- Long and Short Trades: Traders can take a long or short position:
- Long position: buying a CFD with the expectation the asset's market price will increase.
- Short position: selling a CFD with the expectation the asset's market price will decrease.
For various reasons, retail forex trading increases in popularity year after year. However, before diving in, it is important to know the stakes involved in this speculative market.
Understanding the High Risk of Forex Trading
Retail forex trading is, at is core, very risky.
In 2019, 71% of all retail forex trades lost money. One explanation is the highly leveraged nature of the market—many investors trade using borrowed money. But while trading with leverage can magnify losses, it also applies to gains.
Key Benefits of the Forex Market
While there is risk inherent in the market, what are some of the advantages in forex trading?
- Low transaction costs: No exchange or regulatory fees. Overall trading costs are low with both commission and no commission pricing structures available.
- High liquidity: Along with being the largest market globally, it is also the most liquid with $6.6 trillion in daily trading volume.
- 24-hour market: Trading is not confined to limited hours or time zones.
- Leverage: Forex brokers offer retail traders leverage which allows the to increase their exposure
Unlike equities, currency trading is all about relativity. A currency can depreciate overall, but can also appreciate relative to a currency that has depreciated even more.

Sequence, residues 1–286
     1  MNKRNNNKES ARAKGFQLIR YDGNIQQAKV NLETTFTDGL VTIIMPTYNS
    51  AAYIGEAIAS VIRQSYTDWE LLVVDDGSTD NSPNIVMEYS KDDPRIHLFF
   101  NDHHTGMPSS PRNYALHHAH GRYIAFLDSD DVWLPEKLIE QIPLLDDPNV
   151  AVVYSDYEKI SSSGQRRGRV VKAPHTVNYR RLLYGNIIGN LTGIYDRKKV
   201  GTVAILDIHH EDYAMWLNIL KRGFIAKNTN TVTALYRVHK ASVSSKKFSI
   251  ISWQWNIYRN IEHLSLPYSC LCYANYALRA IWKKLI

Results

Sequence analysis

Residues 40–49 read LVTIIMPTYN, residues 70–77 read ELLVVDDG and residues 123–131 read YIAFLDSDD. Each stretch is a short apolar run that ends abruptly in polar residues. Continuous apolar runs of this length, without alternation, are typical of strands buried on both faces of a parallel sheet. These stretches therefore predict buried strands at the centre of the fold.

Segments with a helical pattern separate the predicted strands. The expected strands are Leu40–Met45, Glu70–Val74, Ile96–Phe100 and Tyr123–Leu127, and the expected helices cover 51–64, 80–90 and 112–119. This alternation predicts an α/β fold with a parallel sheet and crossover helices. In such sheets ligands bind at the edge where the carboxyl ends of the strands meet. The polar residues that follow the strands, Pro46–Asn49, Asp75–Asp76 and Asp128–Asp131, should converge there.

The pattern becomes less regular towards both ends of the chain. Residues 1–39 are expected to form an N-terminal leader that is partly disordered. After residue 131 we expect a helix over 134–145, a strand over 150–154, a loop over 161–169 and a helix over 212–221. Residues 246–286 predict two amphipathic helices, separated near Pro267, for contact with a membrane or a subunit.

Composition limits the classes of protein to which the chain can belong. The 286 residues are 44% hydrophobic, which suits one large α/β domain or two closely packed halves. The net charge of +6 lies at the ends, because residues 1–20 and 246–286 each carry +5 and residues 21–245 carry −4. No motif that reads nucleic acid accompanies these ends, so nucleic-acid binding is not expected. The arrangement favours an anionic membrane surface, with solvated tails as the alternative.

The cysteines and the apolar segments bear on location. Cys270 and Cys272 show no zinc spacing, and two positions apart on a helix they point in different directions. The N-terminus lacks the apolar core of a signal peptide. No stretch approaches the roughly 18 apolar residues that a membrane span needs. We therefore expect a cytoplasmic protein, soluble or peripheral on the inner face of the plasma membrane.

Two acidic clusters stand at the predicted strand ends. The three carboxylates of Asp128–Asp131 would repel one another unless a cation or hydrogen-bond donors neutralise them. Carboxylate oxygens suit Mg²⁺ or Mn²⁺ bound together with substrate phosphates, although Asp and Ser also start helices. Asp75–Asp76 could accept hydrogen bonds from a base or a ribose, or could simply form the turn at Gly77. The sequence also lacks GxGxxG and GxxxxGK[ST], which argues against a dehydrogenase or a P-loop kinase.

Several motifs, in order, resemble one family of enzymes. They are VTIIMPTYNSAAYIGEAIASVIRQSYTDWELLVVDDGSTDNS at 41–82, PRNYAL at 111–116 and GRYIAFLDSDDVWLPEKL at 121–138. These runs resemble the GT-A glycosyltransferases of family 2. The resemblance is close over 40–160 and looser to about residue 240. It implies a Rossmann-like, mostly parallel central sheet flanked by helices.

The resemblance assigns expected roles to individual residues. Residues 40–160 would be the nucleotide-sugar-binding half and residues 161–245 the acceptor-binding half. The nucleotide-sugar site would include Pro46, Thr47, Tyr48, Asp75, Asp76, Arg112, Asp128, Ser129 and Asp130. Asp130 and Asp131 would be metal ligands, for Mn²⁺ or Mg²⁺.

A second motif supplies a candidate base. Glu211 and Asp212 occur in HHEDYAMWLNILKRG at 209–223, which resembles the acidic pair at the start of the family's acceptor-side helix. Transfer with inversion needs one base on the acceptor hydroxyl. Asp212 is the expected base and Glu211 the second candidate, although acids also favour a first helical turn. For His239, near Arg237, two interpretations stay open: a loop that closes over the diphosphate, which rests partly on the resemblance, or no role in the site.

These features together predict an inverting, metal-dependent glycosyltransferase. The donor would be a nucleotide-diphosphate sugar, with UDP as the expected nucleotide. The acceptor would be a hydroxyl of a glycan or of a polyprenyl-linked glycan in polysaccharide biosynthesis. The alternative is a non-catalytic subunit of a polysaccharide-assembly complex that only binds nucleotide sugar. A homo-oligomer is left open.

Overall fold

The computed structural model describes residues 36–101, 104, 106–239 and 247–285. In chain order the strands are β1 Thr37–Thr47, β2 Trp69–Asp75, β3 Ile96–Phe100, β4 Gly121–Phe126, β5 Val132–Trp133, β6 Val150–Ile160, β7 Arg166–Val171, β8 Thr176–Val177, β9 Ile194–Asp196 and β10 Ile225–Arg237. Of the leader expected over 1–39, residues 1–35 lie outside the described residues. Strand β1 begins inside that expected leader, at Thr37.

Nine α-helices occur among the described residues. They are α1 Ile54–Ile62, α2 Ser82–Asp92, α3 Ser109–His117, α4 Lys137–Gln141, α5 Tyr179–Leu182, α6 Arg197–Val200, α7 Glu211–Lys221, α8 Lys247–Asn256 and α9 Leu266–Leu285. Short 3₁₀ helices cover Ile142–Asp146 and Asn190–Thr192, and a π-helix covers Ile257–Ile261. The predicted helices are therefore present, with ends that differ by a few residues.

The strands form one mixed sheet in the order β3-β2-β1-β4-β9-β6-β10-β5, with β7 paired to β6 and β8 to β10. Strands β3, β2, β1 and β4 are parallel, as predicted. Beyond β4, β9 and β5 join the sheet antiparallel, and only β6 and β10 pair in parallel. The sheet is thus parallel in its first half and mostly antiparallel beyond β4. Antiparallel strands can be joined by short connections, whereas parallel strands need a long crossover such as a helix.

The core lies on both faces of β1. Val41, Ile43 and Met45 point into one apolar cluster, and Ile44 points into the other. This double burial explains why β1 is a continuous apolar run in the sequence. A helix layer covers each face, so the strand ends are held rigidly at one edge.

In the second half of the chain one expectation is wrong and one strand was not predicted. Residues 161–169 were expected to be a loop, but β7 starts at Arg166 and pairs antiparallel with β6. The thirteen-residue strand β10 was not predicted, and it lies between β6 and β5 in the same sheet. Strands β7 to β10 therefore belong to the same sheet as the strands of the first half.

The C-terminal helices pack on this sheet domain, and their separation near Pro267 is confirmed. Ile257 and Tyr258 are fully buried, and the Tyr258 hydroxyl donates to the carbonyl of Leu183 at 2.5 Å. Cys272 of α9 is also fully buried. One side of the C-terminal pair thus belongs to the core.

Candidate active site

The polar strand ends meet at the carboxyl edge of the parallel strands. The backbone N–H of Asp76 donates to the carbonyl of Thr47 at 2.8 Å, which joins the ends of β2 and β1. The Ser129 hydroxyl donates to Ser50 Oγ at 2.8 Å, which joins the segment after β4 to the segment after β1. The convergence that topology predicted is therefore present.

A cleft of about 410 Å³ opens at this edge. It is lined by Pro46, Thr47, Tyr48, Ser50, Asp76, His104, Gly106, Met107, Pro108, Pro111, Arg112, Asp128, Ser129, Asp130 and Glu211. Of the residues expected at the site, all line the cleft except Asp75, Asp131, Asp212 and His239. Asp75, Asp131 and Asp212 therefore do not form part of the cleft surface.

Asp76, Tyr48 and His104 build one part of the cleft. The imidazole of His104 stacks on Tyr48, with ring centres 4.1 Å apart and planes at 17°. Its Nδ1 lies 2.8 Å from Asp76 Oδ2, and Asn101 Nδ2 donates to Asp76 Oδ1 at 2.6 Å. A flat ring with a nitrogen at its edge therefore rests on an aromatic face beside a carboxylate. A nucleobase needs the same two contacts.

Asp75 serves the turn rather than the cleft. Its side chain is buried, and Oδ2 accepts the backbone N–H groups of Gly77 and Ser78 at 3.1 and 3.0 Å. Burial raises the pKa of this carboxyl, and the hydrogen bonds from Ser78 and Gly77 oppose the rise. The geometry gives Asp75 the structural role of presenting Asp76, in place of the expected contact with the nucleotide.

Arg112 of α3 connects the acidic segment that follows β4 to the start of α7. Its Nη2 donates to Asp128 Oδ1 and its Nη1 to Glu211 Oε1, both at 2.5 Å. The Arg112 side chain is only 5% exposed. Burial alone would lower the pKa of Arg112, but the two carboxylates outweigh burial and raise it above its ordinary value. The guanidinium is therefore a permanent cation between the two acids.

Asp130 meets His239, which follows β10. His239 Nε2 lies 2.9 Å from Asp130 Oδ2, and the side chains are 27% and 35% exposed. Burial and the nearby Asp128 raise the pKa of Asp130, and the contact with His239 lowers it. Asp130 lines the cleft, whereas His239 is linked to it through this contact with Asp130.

Connect to New Markets
While big gains are possible, many trades lose money, but regulatory improvements have helped build trust in the market.
Meanwhile, multiple digital platforms provide a link to global currencies, allowing retail forex traders to enter the market and trade from any location. For those comfortable taking more risk, currency markets offer opportunities with outsized potential.
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ESG Data: The Four Motivations Driving Usage
ESG controversies can damage a company’s value, but ESG data may be able to help manage this risk. What are other reasons for using ESG data?
ESG Data: The Four Motivations Driving Usage
Data is key to the environmental, social, and governance (ESG) revolution. Access to granular ESG data can help boost transparency for market participants. Unfortunately, 63% of U.S. and European asset managers say a lack of quantitative data inhibits their ESG implementation.
Being clear on the potential application of this data is equally important.
- Investors and banks can use ESG data for risk assessment, to spot opportunities, and to push companies for change.
- Companies can publish their own ESG data, quantify progress on their ESG goals, and use data to inform decisions.
- Policymakers can use ESG data to inform regulatory frameworks and measure policy effectiveness.
This graphic from ICE, the second in a three part series on the ESG toolkit, explores four primary motivations of ESG data users.
1. Right Thing
The objective: Having a positive social or environmental impact.
For investors, this can involve screening out companies that conflict with their values and selecting companies that align with their ESG objectives.
As another example, it can involve comparing the social impact of municipal bonds. One way investors can measure social impact is through scores that quantify the potential socioeconomic need of an area, using metrics like poverty and education levels. Here are the social impact scores for three actual municipal bonds issued in Florida.